Censoring Our Server

A filter is not necessary for our server at Horizon Honors. It can be said that in this day and age, this kind of censorship is irrelevant.


Photo Courtesy of Cooper Brown

This blue box is the device that filters through all of the webpages we attempt to open. The device is made by Lightspeed Systems.

Columnist, Cooper Brown

While using a computer at Horizon Honors, you may attempt to open a website that seems harmless. However, we are often interrupted from our internet conquest by a page telling us that its content is categorized as adult or inappropriate. This may frustrate us as we were simply trying to get some research or attempting to select a picture for whatever reason. Lightspeed Systems is a company that creates a device that manages and approves the websites that are opened on our server. This device filters through the websites that are constantly being opened and rejects certain websites based on their content. There is an entire list compiled by the company containing all of the sites that can’t be opened.

This magic little censor box is tucked away in the room that contains our server in the media center. It is surrounded by an impressive-looking animal whose red fiber cable limbs stretch to opposite corners of the room, and its big aluminum body fills the room as it controls our computers. It’s the brain behind all of our technology at our school. And it just told me that I couldn’t open a picture of a kitten in a meadow with a ball of string. I’m sure whatever hardcore material must be on that site would be far too much for my sensitive 16-year-old brain.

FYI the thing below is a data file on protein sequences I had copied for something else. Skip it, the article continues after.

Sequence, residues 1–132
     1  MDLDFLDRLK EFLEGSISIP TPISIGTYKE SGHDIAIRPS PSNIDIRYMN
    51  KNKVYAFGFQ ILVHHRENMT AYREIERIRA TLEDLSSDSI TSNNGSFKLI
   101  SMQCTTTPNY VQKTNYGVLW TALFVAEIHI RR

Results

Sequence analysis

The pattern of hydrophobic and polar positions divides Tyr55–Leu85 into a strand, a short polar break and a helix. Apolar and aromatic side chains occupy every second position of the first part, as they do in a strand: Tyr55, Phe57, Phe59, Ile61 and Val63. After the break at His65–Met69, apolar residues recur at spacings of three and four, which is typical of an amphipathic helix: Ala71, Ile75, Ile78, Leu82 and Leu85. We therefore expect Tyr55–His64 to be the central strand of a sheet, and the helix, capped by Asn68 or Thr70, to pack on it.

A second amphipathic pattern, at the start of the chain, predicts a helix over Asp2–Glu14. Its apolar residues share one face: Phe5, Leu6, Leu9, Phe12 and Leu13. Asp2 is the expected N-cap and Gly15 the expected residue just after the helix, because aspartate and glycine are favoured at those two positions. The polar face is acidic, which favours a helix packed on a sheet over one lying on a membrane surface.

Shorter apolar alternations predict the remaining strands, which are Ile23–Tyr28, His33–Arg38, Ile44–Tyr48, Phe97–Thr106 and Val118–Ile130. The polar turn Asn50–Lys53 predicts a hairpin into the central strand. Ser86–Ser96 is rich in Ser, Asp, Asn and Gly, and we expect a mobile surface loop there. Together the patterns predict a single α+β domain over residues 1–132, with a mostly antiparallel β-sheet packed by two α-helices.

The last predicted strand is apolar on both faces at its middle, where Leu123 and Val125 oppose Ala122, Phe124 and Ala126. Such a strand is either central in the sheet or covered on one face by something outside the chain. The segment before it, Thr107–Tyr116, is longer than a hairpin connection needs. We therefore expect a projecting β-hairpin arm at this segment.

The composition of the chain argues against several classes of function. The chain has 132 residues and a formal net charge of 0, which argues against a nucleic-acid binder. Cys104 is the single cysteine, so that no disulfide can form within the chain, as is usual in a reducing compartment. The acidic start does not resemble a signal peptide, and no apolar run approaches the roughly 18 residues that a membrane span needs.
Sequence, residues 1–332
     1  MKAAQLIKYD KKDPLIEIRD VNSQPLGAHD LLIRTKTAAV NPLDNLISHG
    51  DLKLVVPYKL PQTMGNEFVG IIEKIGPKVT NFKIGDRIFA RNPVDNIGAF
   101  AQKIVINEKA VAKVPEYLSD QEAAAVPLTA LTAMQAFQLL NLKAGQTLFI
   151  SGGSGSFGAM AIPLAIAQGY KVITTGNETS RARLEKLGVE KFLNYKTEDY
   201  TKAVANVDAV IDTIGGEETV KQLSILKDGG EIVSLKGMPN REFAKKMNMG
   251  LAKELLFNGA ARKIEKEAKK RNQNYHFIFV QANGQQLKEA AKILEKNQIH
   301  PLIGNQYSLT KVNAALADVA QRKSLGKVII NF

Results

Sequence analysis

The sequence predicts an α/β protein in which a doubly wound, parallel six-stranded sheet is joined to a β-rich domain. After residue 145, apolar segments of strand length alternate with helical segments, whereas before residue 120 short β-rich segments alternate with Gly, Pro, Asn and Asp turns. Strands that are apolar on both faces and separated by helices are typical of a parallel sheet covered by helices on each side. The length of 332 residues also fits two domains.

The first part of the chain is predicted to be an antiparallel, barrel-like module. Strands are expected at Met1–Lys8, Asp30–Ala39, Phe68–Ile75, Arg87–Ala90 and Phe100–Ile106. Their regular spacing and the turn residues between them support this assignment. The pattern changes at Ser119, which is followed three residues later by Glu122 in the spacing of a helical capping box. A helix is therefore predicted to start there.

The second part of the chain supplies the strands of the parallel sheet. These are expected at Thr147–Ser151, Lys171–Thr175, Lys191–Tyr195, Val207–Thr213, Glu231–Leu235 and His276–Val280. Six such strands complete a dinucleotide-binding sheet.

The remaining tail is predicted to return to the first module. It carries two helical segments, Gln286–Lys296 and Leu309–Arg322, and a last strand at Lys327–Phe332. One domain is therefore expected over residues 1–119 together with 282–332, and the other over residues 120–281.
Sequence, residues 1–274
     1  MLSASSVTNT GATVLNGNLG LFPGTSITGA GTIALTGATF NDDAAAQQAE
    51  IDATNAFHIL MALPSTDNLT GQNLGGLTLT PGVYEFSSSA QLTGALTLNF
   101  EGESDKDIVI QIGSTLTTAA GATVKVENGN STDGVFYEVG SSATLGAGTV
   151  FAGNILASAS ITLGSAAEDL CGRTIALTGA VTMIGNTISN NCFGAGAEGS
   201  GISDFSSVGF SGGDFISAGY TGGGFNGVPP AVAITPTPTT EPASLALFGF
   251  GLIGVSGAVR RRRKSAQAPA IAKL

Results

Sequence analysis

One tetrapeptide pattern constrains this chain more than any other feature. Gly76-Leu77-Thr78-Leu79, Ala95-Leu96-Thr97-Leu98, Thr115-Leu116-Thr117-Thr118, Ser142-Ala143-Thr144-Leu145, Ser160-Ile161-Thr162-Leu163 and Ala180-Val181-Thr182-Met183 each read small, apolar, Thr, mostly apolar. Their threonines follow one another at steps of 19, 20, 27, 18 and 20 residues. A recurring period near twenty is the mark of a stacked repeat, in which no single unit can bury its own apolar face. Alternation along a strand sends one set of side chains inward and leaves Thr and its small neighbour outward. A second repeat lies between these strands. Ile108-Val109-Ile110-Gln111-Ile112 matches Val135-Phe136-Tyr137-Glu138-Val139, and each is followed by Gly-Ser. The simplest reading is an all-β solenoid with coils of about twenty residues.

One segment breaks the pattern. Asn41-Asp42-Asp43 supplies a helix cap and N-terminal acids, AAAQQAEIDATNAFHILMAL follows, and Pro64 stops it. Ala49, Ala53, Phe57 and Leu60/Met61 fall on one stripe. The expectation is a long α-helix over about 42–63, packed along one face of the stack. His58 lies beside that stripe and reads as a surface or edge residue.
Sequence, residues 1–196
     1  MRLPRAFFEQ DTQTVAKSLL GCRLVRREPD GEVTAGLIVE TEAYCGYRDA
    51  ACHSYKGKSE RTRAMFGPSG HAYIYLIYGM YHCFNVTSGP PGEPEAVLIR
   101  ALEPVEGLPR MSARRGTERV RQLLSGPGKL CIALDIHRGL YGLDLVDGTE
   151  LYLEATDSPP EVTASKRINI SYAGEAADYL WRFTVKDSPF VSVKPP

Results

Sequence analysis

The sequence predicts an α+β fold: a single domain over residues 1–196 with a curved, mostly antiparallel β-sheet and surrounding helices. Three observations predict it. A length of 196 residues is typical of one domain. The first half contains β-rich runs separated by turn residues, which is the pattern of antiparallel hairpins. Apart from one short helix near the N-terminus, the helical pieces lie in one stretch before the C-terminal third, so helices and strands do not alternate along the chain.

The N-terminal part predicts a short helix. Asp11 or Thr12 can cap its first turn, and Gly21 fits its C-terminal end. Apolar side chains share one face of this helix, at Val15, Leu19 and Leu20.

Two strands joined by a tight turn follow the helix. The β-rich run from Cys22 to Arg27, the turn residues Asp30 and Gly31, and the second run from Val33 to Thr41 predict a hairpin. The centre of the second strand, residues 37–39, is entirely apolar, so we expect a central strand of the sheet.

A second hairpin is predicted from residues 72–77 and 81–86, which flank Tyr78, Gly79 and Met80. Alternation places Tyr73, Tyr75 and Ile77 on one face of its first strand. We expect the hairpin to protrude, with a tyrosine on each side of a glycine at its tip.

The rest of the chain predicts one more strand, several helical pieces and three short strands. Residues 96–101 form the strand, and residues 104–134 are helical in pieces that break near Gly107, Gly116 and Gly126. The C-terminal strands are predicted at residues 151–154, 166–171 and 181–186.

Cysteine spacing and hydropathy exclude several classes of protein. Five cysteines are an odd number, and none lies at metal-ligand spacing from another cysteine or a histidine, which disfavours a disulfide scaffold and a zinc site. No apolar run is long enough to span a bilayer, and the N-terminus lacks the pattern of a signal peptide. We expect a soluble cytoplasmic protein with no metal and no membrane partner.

All jokes aside, the type of censorship we receive may be slightly misguided if not ineffective. We live in the era of the smartphone, where a camera, the internet, and a phone are perpetually in our back pockets (because our front pockets are fake). If a student wants to access an inappropriate site, they have every ability to – on their own computer. But at least we’re not doing it on the school’s computers, now are we? The type of system we have set up now is mandatory by law for schools to install in their servers if they take federal funding. So it’s not the school telling us we can’t go on imgur or Instagram, it’s the government. However is this protection even necessary?

A study done by Harris Interactive on behalf of Pearson, the educational publisher, polled over 2,300 students between the ages of 8 and 18. Half of students use their smartphones either at home or in the classroom. This means that most students aren’t tethered to their school computers for internet access. On the contrary, students can access their unfiltered websites at anytime and anywhere. So if they want to access an inappropriate site, they have every ability to.

My belief is that if we are going to filter our internet because we truly think that our students shouldn’t be able to access it, then we need to be stricter with our policies regarding phone use. Is the filter there to help shield us from the ugly side of the internet or is it there to deter a lawsuit from an overzealous, conservative parent?